Counsel cite the recent case of Clark v. United States, 53 S.Ct. 465, 77 L.Ed. 993, as applicable here to the conduct of juror Dugger. But the cases are not analogous. In the Clark Case the juror was held in contempt of court for having given answers on her voir dire examination, which were willfully and corruptly false, and by such deception, practiced on the court for the purpose of rendering service to the defendant on trial, had procured a place as a member of the jury. No such charge against Dugger is sustained by the record. It appears that, following the usual questions by the court to the members of the venire, as prescribed by section 8610, Code 1923, a few of those summoned disqualified themselves and were excused as having a fixed opinion which would bias their verdict. Subdivision 7, section 8610, supra. The solicitor then asked the remaining members the following question: "Have any of you, gentlemen, expressed an opinion as to the guilt or innocence of this defendant?" Immediately three jurors stood, one of whom was juror Dugger, and said they had so expressed an opinion, based on what they had heard or what they had read in the newspapers. In answer to further inquiry, the three jurors stated that such opinion was subject to change, and they would render their verdict, whether for the state or the defendant, upon the sworn testimony in the case and upon that alone.

We may here interpolate that the crime of which defendant, a negro, was charged, was most revolting in its details, and a previous trial had resulted in a mistrial. The question at issue was solely one of identification, and there had, very naturally, resulted much discussion.

Upon completion of the examination, above noted, the state struck one of the three jurors so standing and defendant another. Dugger was permitted to remain and become a member of the jury. Neither the state nor defendant asked of either of these three jurors what opinion they had expressed or to whom. Neither of defendant's counsel propounded any question whatever to juror Dugger. It may be properly added here that counsel appearing on this appeal did not participate in the trial in the court below. During the progress of the trial and after the examination of three witnesses for the state, defendant moved for a mistrial of the cause and offered to show that the juror Dugger had previously expressed the opinion the defendant was guilty and should be electrocuted and a desire to get on the jury for such purpose. But Dugger had practiced no deception on the court or counsel. When asked the question, he had promptly stated, in open court, he had previously expressed an opinion. He denied emphatically, however, the statement contained in two affidavits on file (the two Hennings) that he had expressed any desire to get on the jury. The court denied the motion for a mistrial and expressed the view the objection to the juror came too late.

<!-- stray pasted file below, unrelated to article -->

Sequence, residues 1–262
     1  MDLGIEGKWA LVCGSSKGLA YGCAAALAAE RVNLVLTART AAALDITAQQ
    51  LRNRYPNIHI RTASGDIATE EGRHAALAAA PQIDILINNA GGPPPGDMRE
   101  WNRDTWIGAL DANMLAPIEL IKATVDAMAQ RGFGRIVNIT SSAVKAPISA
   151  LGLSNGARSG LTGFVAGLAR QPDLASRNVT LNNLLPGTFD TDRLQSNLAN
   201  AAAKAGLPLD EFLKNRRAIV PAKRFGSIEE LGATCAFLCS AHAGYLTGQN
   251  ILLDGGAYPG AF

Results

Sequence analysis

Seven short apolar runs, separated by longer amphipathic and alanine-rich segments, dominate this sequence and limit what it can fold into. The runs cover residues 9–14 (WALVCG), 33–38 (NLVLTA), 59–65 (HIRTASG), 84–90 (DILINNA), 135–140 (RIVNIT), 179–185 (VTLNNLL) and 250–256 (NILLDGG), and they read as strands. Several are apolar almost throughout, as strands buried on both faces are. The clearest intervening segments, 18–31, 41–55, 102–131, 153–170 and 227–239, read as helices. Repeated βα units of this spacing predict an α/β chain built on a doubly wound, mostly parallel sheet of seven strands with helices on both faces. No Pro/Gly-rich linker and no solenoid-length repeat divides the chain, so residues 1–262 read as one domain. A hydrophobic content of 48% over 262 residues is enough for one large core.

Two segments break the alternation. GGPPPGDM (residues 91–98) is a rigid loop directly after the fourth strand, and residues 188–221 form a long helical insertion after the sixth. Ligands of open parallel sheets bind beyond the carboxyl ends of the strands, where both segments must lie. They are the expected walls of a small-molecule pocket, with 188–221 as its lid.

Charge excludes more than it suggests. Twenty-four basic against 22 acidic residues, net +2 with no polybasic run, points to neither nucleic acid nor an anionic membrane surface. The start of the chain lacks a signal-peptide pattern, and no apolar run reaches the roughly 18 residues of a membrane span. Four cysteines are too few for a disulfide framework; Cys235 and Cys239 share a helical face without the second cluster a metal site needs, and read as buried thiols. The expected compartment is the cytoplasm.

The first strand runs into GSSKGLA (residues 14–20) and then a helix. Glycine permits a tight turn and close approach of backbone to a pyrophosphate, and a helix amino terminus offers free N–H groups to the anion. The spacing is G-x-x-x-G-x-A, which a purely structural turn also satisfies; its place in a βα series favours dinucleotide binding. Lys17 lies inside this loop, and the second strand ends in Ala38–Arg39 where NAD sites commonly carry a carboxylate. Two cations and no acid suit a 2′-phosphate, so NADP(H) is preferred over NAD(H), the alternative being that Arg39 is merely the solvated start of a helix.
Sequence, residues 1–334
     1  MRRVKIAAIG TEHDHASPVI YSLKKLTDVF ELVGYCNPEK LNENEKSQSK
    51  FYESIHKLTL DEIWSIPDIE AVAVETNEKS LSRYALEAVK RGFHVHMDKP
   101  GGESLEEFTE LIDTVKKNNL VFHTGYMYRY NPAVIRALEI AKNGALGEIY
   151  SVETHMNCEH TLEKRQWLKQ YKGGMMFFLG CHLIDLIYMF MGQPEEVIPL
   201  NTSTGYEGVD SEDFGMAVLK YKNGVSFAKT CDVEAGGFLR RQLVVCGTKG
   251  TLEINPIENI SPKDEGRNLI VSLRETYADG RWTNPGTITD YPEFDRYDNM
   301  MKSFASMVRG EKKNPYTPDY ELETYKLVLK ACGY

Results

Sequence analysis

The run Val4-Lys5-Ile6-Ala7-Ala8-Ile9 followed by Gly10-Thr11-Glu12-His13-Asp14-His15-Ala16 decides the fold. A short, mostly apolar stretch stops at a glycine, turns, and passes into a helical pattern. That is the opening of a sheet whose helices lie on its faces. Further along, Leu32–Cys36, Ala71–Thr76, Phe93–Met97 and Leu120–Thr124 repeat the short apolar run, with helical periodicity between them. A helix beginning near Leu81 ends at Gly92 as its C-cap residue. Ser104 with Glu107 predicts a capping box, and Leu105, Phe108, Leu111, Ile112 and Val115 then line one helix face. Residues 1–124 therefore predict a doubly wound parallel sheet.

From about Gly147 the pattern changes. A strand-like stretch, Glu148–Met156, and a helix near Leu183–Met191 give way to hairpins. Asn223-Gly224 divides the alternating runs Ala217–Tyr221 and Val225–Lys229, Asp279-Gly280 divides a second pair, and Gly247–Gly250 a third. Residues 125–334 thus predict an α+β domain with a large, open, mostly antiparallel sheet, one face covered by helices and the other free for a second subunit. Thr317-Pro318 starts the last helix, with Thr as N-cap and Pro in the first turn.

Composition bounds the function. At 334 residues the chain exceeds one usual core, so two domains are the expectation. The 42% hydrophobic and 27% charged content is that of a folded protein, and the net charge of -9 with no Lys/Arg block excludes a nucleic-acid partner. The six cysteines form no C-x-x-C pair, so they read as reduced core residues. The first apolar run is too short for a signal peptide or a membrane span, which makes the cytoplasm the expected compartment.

Our decisions recognize the constitutional right of a trial by an impartial jury, and that the "due and proper administration of the law — on the one hand protecting the public against the commission of crime, and on the other shielding innocence from passion and prejudice — materially depends on the fitness, competency, and impartiality of jurors," and many safeguards to this end have been made by statutes and decided cases. As said, however, in Henry v. State, 77 Ala. 75, "While it is of first importance that the right of both the State and of the defendant to a trial by an honest, intelligent and impartial jury, should be jealously maintained, the necessity of guarding against other evils, readily suggested, requires a time fixed, when the right to challenge shall cease."

Here the juror Dugger in open court acknowledged that from rumor and newspaper accounts of the crime he had expressed an opinion about the case, but stated that as a juror he would be governed by the evidence alone. He practiced no deception on the court or counsel, as in the Clark Case, supra, but made open admission of a previously, expressed opinion. He was not called upon to state what opinion he had so expressed. Defendant's counsel, who had represented defendant on the former trial wherein a mistrial was declared, sat silently by and interposed no inquiry, seeming thereby to speculate, as it were, upon the chance as to whether such opinion had been favorable or unfavorable to their client's cause, and without asking him a question accepted Dugger as a member of the jury and permitted the trial to progress through the examination of several witnesses for the state before interposing any objection.

Usually the examination by the court under section 8610, Code 1923, suffices as to the qualification of the juror, and further examination on the part of the court is discretionary. But section 8662, Code 1923, confers upon the parties the right to further examine the jurors within proper bounds to ascertain "any matter that might tend to affect their verdict," which includes matters pertinent to enable the party to advisedly make peremptory challenge. Gholston v. State, 221 Ala. 556, 130 So. 69.